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LE MANS, France — Ford has planned a return to the 24 Hours of Le Mans with its iconic Mustang muscle car next year under a massive rebranding of Ford Performance aimed at bringing the automotive manufacturer “into the racing business.”

The Friday unveil of the new Mustang Dark Horse-based race car follows Ford’s announcement in February (and a ballyhooed test at Sebring in March) that it will return to Formula One in 2026 in partnership with reigning world champion Red Bull.

The Mustang will enter the GT3 category next year with at least two cars in both IMSA and the World Endurance Championship, and is hopeful to earn an invitation to next year’s 24 Hours of Le Mans. The IMSA entries will be a factory Ford Performance program run by Multimatic, and a customer program in WEC with Proton Competition.

Ford CEO Jim Farley, also an amateur sports car racer, told The Associated Press the Mustang will be available to compete in various GT3 series across the globe to customer teams. But more important, Farley said, is the overall rebranding of Ford Performance – done by renowned motorsports designer Troy Lee – that is aimed at making Ford a lifestyle brand with a sporting mindset.

“It’s kind of like the company finding its own, and rediscovering its icons, and doubling down on them,” Farley told the AP. “And then this motorsports activity is getting serious about connecting enthusiast customers with those rediscovered icons. It’s a big switch for the company – this is really about building strong, iconic vehicles with enthusiasts at the center of our marketing.”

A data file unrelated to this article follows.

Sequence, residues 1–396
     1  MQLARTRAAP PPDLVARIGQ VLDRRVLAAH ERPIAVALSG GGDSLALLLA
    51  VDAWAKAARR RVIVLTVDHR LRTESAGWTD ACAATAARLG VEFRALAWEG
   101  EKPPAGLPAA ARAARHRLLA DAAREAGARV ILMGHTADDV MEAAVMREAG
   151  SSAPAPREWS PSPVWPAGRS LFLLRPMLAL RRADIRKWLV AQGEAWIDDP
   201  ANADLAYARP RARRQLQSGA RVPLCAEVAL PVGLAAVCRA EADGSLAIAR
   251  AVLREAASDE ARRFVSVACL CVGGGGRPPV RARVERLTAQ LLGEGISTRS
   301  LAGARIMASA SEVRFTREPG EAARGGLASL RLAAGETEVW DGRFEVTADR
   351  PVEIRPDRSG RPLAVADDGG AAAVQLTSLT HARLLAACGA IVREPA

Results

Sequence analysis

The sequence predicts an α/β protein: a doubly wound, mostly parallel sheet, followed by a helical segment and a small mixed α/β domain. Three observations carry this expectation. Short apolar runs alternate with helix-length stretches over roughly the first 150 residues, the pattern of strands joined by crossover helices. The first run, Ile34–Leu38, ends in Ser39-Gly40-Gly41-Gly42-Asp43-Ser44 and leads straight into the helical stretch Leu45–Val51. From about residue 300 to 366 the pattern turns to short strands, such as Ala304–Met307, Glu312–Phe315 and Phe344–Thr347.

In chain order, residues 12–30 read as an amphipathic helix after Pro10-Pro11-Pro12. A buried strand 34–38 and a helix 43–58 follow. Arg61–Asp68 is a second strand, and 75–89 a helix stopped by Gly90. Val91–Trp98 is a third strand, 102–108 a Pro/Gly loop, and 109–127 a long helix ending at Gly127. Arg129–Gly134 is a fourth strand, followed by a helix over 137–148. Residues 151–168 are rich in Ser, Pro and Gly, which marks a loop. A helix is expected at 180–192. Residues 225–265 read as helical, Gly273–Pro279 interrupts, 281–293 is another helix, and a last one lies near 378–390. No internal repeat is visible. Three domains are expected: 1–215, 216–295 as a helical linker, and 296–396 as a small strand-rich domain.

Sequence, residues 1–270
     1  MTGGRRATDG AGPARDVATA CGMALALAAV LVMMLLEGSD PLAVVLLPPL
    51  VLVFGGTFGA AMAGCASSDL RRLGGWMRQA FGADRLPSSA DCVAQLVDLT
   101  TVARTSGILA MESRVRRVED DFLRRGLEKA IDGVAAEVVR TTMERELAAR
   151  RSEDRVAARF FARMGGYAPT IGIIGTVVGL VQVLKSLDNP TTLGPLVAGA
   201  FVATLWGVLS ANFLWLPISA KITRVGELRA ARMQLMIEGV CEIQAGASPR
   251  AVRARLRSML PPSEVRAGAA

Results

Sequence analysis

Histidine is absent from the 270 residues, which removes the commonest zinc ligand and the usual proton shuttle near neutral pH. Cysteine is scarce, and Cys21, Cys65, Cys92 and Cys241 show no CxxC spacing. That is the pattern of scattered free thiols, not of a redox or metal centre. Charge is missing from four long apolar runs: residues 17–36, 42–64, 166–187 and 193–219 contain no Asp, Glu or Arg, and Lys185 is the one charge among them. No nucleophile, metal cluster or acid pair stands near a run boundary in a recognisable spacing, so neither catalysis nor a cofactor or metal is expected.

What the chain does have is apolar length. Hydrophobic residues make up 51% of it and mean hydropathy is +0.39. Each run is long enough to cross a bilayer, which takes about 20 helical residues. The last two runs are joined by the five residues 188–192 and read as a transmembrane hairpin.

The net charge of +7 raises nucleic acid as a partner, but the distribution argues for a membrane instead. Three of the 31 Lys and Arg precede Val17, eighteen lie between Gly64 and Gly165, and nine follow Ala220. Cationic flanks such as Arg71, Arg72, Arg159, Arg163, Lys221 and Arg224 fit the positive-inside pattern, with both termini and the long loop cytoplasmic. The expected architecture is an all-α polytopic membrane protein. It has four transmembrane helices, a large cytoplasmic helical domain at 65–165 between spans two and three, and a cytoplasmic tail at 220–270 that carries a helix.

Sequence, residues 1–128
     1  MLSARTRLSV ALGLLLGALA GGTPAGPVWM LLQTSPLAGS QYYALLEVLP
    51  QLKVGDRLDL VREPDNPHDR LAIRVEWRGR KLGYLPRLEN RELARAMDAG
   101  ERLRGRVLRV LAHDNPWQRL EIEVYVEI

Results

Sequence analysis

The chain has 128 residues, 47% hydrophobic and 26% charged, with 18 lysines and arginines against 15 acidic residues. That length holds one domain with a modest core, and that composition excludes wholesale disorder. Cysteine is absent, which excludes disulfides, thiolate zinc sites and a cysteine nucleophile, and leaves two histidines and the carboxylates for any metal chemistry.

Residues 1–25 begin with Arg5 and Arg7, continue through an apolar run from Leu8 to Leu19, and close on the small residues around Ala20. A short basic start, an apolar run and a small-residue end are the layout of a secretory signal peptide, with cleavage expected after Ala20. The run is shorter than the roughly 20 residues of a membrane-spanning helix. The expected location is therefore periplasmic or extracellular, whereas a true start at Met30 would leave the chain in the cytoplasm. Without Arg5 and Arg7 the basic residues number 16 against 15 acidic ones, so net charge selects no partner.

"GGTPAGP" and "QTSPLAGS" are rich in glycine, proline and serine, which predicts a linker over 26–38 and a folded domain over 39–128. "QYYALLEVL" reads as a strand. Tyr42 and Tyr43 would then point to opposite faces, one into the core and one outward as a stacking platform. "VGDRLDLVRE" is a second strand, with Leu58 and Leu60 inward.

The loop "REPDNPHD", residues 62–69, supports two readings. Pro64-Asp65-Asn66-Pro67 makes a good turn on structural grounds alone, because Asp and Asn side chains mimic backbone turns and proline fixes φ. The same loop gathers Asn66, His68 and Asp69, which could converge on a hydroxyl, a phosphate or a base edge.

Ford last competed in sports car racing in 2019 as part of a three-year program with Chip Ganassi Racing. The team scored the class win at Le Mans in 2016 in a targeted performance aimed to celebrate the 50th anniversary of Ford snapping Ferrari’s six-year winning streak.

Ford on Friday displayed a Mustang with a Lee-designed livery that showcased the cleaner, simplified look that will soon be featured on all its racing vehicles. The traditional blue oval with Ford Performance in white lettering underneath will now be branded simply FP.

The new mark will be used across car liveries, merchandise and apparel, display assets, parts and accessories and in advertising.

Farley cited Porsche as an automaker that has successfully figured out how to sell cars to consumers and race cars in various series around the world while creating a culture of brand enthusiasts. He believes Ford’s new direction will help the company sell street cars, race cars, boost interest in driving schools, and create a merchandise line that convinces consumers that a stalwart of American automakers is a hip, cool brand.